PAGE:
Ruhango residents receive Kwibuka Flame

Hundreds of Kinazi sector residents in Ruhago District yesterday afternoon braved the scorching sun to welcome the Kwibuka Flame, which continues its nationwide tour ahead of the 20th anniversary of the 1994 Genocide against the Tutsi.
Students aged 20, carry the Kwibuka Flame in Kinazi, Ruhango, on Sunday.  The Flame continues its nationwide tour ahead of the 20th anniversary of the 1994 Genocide against the Tutsi. The New Times/ Jean Pierre Bucyensenge.
Students aged 20, carry the Kwibuka Flame in Kinazi, Ruhango, on Sunday. The Flame continues its nationwide tour ahead of the 20th anniversary of the 1994 Genocide against the Tutsi. The New Times/ Jean Pierre Bucyensenge.

Hundreds of Kinazi sector residents in Ruhago District yesterday afternoon braved the scorching sun to welcome the Kwibuka Flame, which continues its nationwide tour ahead of the 20th anniversary of the 1994 Genocide against the Tutsi.

The residents received the torch amid cheers, acclamation and shouts of joy.

The torch arrived in the rural Kinazi sector from Bwishyura in Karongi District, where it had been since last Thursday.

Ruhango District Mayor Francois Xavier Mbabazi, said during the ceremony that the Flame symbolises hope for a better future and is an indication that the Rwandan spirit has never and will never die.

“This Flame is a sign that the future beholds the best for every one of us. It is the light that will guide us through our journey towards self-reliance,” Mbabazi said.

Kinazi, in the former Ntongwe commune, was the scene of some of the worst massacres during the 1994 Genocide against Tutsis.

Over 60,000 people are believed to have perished in the area and they are set to be given a decent burial at a new, memorial site in the area, according to Mbabazi.

Samuel Dusabiyumva, a survivor, recounted how Interahamwe militias hunted down Tutsis and mercilessly killed thousands of them in what he described as a ‘well studied and well elaborated plan’ to exterminate the Tutsis.

He said plans to exterminate Tutsis were headed by the then Ntongwe Mayor, Charles Kagabo, whom he accused of being very ‘instrumental’ in the killings.

Other survivors have also accused Kagabo of playing a major role in the Genocide.

Dusabiyumva also said some other leaders, including sector and cell leaders were also active during the Genocide in the area.

He said killers in the area were “promised to take the property of Tutsis as a reward for killing us.”

He, however, noted that things became worse when Burundians who were living there as refugees were called in to support local militias in the killings.

“They were heavily armed and fearless,” Dusabiyumva said.

“They (the Burundian refugees)had all it required to get involved. They had fled their country after committing crimes and had been armed by local leaders here who looked at them as having the potential to execute their extermination plan against us,” Dusabiyumva added.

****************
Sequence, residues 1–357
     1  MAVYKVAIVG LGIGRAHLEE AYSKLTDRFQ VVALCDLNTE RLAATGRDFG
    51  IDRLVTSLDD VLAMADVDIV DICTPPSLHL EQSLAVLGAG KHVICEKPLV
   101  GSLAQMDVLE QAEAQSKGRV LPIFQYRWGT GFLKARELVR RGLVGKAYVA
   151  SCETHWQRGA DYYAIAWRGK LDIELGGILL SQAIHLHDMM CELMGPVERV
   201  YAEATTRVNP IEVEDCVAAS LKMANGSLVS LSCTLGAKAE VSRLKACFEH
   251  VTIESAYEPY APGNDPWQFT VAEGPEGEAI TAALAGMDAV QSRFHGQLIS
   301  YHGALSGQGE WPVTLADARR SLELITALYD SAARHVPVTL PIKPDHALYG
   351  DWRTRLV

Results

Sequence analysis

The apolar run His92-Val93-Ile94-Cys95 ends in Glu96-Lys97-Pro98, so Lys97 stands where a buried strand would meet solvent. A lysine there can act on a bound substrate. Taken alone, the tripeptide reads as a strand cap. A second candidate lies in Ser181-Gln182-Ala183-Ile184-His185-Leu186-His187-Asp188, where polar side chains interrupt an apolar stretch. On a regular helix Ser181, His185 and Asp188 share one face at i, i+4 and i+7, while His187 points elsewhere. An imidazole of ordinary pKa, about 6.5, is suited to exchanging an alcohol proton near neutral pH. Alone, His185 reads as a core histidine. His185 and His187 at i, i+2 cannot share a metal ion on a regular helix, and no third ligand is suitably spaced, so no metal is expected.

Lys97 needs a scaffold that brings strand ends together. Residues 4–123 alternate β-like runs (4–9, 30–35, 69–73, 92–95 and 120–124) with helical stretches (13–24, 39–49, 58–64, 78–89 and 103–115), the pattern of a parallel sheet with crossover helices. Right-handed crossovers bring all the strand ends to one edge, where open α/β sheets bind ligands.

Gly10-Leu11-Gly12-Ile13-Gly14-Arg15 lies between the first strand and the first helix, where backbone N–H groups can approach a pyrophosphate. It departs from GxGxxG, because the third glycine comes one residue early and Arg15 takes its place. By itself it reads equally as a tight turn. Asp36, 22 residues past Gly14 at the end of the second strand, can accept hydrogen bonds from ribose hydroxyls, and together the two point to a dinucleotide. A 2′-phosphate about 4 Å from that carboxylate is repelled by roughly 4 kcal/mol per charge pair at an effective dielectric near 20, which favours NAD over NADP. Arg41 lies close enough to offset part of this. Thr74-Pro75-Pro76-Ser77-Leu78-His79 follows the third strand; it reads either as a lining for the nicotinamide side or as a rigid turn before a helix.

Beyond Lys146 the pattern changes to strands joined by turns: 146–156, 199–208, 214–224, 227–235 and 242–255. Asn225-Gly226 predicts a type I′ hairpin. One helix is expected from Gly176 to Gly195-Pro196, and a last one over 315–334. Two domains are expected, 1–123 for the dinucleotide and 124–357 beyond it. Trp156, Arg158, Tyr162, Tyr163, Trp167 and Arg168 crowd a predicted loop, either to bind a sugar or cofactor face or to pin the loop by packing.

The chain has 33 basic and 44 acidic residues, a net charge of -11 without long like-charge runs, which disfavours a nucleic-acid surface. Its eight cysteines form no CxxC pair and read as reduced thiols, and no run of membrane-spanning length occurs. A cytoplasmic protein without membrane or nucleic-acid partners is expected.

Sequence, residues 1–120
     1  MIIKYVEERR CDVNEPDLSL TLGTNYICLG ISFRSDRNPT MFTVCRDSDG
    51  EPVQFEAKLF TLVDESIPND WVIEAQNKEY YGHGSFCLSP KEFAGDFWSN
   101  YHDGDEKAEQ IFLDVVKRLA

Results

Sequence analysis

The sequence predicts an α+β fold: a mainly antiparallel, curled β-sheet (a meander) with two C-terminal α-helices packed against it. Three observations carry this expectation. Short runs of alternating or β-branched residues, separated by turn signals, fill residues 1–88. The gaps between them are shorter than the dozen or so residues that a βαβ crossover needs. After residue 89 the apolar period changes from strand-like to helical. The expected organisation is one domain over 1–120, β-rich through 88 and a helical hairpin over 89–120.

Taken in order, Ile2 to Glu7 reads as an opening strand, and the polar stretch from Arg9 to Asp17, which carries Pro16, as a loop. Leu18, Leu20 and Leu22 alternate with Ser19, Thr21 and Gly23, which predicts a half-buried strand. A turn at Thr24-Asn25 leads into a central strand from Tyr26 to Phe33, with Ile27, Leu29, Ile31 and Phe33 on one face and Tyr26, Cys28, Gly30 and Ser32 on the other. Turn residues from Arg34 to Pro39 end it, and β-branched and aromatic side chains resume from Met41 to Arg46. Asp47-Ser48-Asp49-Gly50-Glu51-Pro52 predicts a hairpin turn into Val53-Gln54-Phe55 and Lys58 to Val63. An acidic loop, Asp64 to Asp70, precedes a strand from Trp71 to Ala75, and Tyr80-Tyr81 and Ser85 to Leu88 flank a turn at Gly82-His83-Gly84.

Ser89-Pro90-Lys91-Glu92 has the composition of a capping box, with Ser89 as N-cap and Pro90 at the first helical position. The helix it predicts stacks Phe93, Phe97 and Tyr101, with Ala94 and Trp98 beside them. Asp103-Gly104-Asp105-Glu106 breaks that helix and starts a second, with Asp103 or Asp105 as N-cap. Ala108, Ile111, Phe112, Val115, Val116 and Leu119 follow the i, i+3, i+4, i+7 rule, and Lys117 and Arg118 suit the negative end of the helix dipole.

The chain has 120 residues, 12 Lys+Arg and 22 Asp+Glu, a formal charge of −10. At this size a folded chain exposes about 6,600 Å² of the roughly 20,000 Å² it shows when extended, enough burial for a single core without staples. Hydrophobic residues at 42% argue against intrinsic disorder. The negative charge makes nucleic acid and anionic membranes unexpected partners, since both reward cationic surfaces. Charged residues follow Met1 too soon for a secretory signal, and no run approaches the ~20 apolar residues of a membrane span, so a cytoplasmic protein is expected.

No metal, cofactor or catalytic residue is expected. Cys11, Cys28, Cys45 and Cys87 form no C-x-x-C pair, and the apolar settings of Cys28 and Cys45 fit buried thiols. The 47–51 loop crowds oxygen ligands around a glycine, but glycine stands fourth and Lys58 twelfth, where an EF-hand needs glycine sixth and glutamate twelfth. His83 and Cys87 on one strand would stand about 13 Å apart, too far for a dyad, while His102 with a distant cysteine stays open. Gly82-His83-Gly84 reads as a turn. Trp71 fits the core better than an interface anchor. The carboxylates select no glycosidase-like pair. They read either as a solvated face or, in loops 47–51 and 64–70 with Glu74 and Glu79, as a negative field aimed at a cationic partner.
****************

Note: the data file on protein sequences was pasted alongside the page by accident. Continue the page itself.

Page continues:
He accused the Burundians of committing ‘unthinkable and unimaginable atrocities’.

“Some of them even ate human flesh,” he said.

“The journey continues”

The Minister of Sports and Culture, Protais Mitali, told residents that the Kwibuka Flame tour is a time to reflect on the achievements registered ever since the Genocide was stopped and look at the remaining journey to achieve sustainable development.

“Though we have gone a long way in building our lives and a better nation, a lot still needs to be done,” Mitali said.

“The Kwibuka Flame should continue reminding us of our responsibility to keep championing a prosperous nation,” he added.

Mitali  urged residents to actively participate in all activities ahead of the national commemoration week, which include cleaning memorial sites, public lectures, supporting vulnerable survivors and the Kwibuka Flame tour, among others.

He also urged them to desist from any form of discrimination in order to be able to forge a better nation for the future generations.

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Emmanuel Ngendahayo, resident

I interpret this Flame as an indication of what the future beholds for us; that life will be better. If everyone strives to do good, I think we shall reach that time when our nation will be strong and prosperous.

Emmanuel Kamanzi, resident

The Flame reminds us of the difficult time we went through and the resolve we have taken ever since to never step back. We need to continue our efforts towards improving our lives and building our nation and I believe together we shall succeed.

Esperence Mukamusoni, Survivor

The Kwibuka Flame reminds us of the terrible time we went through. That time when darkness fell over this nation. However, it shows that we have since moved out of that time and that we have entered a period of joy, growth and success. It is time we work hard to safeguard the achievements, realise much more and thank God for having protected us until today.

 

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